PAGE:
GARMISCH, Germany - The U.S. Army Garrison Garmisch Library staff celebrated the completion of artist Peter Brown's mural in the building's Teen Corner by inviting community youth over Oct. 24 for a "Meet the Muralist" afternoon session of questions and answers.

The special event, complete with homemade cookies and brownies, was the finish line of 50-plus long hours of work. The labor of love was completed with the goal of giving the teens a special place to relax and read with a unique, fun atmosphere that celebrated the arts and local environment.

The mural reflects the local landscape, with the summit of the Zugspitze in the foreground and man-made wonders: the Great Wall of China weaves its way across the 'canvas' between the pyramids of Egypt and the Statue of Liberty, all surrounded by a glowing Wetterstein sunrise.

It is a long journey from the hills of South Dakota, Brown's home state, to the mountains of Bavaria. Still, it is a journey that Brown was happy to make, bringing with him the desire to teach snowboarding and his lifelong enthusiasm for painting.

As a teenager, with his parents' permission, Brown's first mural was painted inside the walls of the family barn. He told the kids participating in the session that he quickly learned the importance of scale. Most importantly he learned the importance of ventilation when working with spray paint.

"I learned pretty quickly I had to keep the barn doors open," he said. From there, Brown soon found himself volunteering to paint a mural at his hometown library.

At the end of last year's ski season here, he approached library manager Ailien Patail, offering to paint a mural. Week after week, Garmisch kids wondered what the final product would look like. Moreover, they asked Brown for advice on how to start painting themselves.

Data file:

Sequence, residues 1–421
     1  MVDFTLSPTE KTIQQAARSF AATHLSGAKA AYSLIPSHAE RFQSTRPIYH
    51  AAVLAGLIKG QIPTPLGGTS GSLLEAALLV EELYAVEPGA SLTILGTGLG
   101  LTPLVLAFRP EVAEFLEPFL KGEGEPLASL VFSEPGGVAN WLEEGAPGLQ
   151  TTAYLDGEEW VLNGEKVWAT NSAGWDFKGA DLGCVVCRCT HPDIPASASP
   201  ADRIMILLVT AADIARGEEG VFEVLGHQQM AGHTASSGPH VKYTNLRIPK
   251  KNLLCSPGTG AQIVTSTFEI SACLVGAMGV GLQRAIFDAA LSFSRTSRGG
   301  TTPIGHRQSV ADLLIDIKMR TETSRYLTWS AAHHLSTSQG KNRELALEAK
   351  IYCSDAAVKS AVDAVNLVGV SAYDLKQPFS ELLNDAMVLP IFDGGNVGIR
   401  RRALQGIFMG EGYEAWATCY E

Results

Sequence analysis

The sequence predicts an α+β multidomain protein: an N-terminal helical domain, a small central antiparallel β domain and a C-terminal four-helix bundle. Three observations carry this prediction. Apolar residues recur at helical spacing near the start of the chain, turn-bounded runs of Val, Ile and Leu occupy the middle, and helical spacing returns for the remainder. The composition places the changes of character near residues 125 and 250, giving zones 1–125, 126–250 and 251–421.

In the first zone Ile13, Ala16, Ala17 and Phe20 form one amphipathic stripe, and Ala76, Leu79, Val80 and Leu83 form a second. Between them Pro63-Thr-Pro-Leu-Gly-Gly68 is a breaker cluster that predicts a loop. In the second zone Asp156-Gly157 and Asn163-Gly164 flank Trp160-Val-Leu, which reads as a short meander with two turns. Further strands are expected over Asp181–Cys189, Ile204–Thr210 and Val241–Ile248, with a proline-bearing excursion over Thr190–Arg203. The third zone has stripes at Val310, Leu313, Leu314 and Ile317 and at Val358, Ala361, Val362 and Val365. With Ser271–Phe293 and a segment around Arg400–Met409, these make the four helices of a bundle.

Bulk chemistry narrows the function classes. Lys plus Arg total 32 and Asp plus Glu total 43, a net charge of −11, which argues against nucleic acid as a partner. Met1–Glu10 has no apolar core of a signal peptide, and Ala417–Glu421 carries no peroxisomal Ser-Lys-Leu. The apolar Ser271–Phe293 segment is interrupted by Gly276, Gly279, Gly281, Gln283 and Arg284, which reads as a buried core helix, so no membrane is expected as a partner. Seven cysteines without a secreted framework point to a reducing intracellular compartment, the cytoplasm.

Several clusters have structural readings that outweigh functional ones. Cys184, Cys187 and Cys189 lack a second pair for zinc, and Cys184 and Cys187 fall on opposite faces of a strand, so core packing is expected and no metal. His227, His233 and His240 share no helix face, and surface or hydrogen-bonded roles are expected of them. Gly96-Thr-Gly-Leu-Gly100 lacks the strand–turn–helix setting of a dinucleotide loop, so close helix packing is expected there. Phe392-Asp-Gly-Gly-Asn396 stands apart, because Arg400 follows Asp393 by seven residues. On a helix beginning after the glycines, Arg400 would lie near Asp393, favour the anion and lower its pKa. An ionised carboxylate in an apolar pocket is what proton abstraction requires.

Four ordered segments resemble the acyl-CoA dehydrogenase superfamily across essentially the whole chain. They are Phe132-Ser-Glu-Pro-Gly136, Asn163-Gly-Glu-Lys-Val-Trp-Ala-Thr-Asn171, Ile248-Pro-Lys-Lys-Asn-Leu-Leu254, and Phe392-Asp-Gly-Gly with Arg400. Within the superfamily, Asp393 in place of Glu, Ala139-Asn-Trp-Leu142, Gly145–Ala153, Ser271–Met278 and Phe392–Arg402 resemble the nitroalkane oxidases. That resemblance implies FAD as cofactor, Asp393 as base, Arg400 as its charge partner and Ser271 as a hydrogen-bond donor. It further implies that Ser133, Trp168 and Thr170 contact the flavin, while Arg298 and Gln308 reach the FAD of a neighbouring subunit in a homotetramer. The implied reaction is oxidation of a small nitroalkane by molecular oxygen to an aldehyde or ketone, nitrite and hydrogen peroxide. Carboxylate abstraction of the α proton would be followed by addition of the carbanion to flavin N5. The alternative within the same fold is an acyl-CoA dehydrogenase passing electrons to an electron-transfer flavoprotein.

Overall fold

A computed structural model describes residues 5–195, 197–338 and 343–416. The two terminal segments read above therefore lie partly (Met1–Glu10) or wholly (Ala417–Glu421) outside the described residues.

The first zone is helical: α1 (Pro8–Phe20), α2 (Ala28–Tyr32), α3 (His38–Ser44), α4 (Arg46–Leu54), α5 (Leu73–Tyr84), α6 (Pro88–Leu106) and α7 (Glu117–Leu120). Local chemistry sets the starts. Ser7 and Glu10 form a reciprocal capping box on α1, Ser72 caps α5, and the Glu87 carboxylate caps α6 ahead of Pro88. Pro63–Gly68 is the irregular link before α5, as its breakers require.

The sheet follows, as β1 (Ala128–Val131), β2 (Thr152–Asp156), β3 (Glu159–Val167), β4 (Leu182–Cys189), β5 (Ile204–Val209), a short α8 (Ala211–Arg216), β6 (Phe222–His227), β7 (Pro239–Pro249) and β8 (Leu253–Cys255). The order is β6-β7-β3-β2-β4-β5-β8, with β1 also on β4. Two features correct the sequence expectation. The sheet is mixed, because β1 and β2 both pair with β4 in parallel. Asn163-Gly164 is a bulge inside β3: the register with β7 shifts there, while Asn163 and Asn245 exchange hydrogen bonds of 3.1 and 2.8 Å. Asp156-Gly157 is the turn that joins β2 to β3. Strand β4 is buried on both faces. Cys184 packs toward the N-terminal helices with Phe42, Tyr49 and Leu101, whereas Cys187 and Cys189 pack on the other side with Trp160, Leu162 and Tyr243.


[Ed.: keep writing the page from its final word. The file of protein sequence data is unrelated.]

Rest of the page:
"Find someplace legal," he laughed, explaining that his painting "career" began with graffiti. As a teenager in South Dakota, he had visions of painting on large canvasses on the scale of Michelangelo but had no space to experiment.

The teens pressed Peter about what inspired him. His answer: "I really admire Leonardo daVinci because he wasn't just a painter. He sculpted and was an inventor as well."

"And if I was going to suggest anything," he added, "I would say get yourself a sketch book and just draw your day; whatever you see that in the world that inspires you. Go home and put it on paper. After a while you'll find yourself building a portfolio."

Interesting art advice from a man who otherwise teaches snowboarding for his day job at the Edelweiss Lodge and Resort, where visiting servicemembers and their families are surrounded by the same mountain vista now splashed across the library wall.

In fact, "I see the Zugspitze," said teen Calvin McGrail as he admired the mural.

The library staff, a small team of three, including Patail, Shellie Hanson and Jamie Davis, thanked Brown for his contribution. In response, Brown offered to extend the mural around the corner, with the teenagers offering him ideas on what to paint next.

There is more art located in what the Garmisch community and Installation Management Command call the Army's "Best Small Installation Library Recreation" for four years in a row. In addition to Brown's mural, different mediums of art by nearby artists are on display.